The discussion was opened by Professor of Political Science, Dr. Leonard Cutler. Dr. Cutler elaborated on the relevance of this year’s theme, “A few weeks ago, the Trump administration took it’s staunchest position to date in legalizing anti-gay discrimination..” he continued  “..when it asked the supreme court of the United States to declare that Title VII of the Civil Rights Act permits private companies to fire workers based on their sexual orientation.” 

Title VII of the Civil Rights Act outlaws discrimination based on race, color, religion, sex, or national origin. As explained by Dr. Cutler, the current presidential administration has taken on the stance that members of the LGBTQ community are not protected under Title VII in regards to private employers discriminatory practices. Following Dr. Cutler was Professor of Political Science, Dr. Jack Collens. Dr. Kreis and Dr. Collens attended graduate school together at the University of Georgia and after sharing his accolades with the crowd, it was time for Dr. Collens to invite Dr. Kreis to the stage. 

Dr. Anthony Michael Kreis currently teaches legal writing at Chicago-Kent College of Law. He authored the Illinois state law banning gay and transgender panic defenses in murder trials in 2017, which is the second of its kind in the U.S. Dr. Kreis opened by discussing how the accidental discovery of gay and lesbian bars during the Prohibition era sparked an ongoing dispute of the LGBTQ, immigrant, and working class communities versus American law-makers and private groups that wanted to maintain the social norms of pre-Industrial Revolution times. 

“If you had too many feminine men in your bar, they deemed it a place of disorderly conduct. And they put pressure on wholesalers to deny those establishments of liquor” Kreis stated. “In the 1940’s, 50’s, and 60’s the state said ‘If we see too many feminine men in a bar, we’re assuming it’s a gay bar and we’re shutting it down” he said about the determination if establishments could remain open post-prohibition. Basically, the battle between the LGBTQ community and American law-makers has been occurring for over a century.

At this point in the lecture, the question still remained, what does all of this mean for today’s concerns surrounding a new interpretation of Title VII? “The idea here is that you cannot discriminate against someone because of their sexual orientation without also discriminating against them because of their sex.” He elaborated that the stereotypes surrounding gender roles used by employers to justify discriminatory practices against LGTBQ employees directly plays into sex discrimination.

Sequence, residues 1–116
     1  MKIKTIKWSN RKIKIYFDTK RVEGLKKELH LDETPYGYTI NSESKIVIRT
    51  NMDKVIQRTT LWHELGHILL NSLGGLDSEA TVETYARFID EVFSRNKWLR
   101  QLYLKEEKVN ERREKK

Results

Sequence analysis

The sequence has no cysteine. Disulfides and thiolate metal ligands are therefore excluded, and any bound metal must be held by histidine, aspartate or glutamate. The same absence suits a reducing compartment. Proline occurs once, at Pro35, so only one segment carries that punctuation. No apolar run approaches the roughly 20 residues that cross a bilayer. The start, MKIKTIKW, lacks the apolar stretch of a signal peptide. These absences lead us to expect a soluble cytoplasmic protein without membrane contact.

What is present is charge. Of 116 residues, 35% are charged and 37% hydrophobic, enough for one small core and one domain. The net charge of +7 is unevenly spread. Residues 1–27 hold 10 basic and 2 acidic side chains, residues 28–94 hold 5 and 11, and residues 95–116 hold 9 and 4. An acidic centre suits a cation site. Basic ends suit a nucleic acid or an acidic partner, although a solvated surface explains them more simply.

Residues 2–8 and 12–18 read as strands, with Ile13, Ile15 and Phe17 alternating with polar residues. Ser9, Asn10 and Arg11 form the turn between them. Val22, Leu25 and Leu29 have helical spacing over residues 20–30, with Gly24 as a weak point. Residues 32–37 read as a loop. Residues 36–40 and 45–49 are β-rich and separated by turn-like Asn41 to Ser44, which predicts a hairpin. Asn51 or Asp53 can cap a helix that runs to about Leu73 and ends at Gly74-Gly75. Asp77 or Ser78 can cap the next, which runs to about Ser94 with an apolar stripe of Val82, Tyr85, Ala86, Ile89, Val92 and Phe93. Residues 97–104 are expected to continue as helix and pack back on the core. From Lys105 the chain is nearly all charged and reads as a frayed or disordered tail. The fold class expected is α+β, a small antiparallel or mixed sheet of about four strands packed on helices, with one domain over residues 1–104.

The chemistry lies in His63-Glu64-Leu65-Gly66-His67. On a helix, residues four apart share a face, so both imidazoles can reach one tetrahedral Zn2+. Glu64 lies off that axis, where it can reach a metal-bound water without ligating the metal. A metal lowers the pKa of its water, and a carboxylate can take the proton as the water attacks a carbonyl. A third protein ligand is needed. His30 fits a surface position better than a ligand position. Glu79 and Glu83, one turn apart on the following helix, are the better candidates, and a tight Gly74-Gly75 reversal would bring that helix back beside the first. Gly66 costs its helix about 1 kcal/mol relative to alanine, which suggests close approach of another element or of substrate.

Dr. Kreis closed out his discussion by stating “Title VII is ultimately supposed to reflect our constitutional values and the law has been shaped by an understanding that sex stereotypes are dangerous..” Following the lecture, Dr. Kreis opened the floor for Q&A and soon after, Constitution Day 2019 came to an end. After all was said and done, attendees walked away from the event with a greater understanding on a topic that Dr. Kreis referred to as, currently, “the greatest civil rights case of our time.”

Welcome Home, Class of 2023!

Around this time four years ago, I remained undecided about where I wanted to go to college. I had applied to multiple schools but still felt uncertain about what I wanted to do with my undergraduate education, how far I would want to live away from home, and what type of college felt “right” for me. The universal “College Decision Day,” May 1st, kept creeping closer, and I felt the pressure of the decision weighing down on me.

My parents could tell I was struggling with the choice, so one day after school, we drove out to Albany to drive through some of the colleges in the area to help me visualize what living there would be like. We visited UAlbany and the College of St. Rose, but neither felt right; it wasn’t even a feeling I could put my finger on about why they were wrong. It wasn’t until we pulled onto Siena’s campus that I found somewhere I thought could feel like home. As we got out of the car and walked around campus, it became a place where I could visualize myself spending four years, making friends, growing, and I sent in my deposit to Siena shortly after returning home from that trip.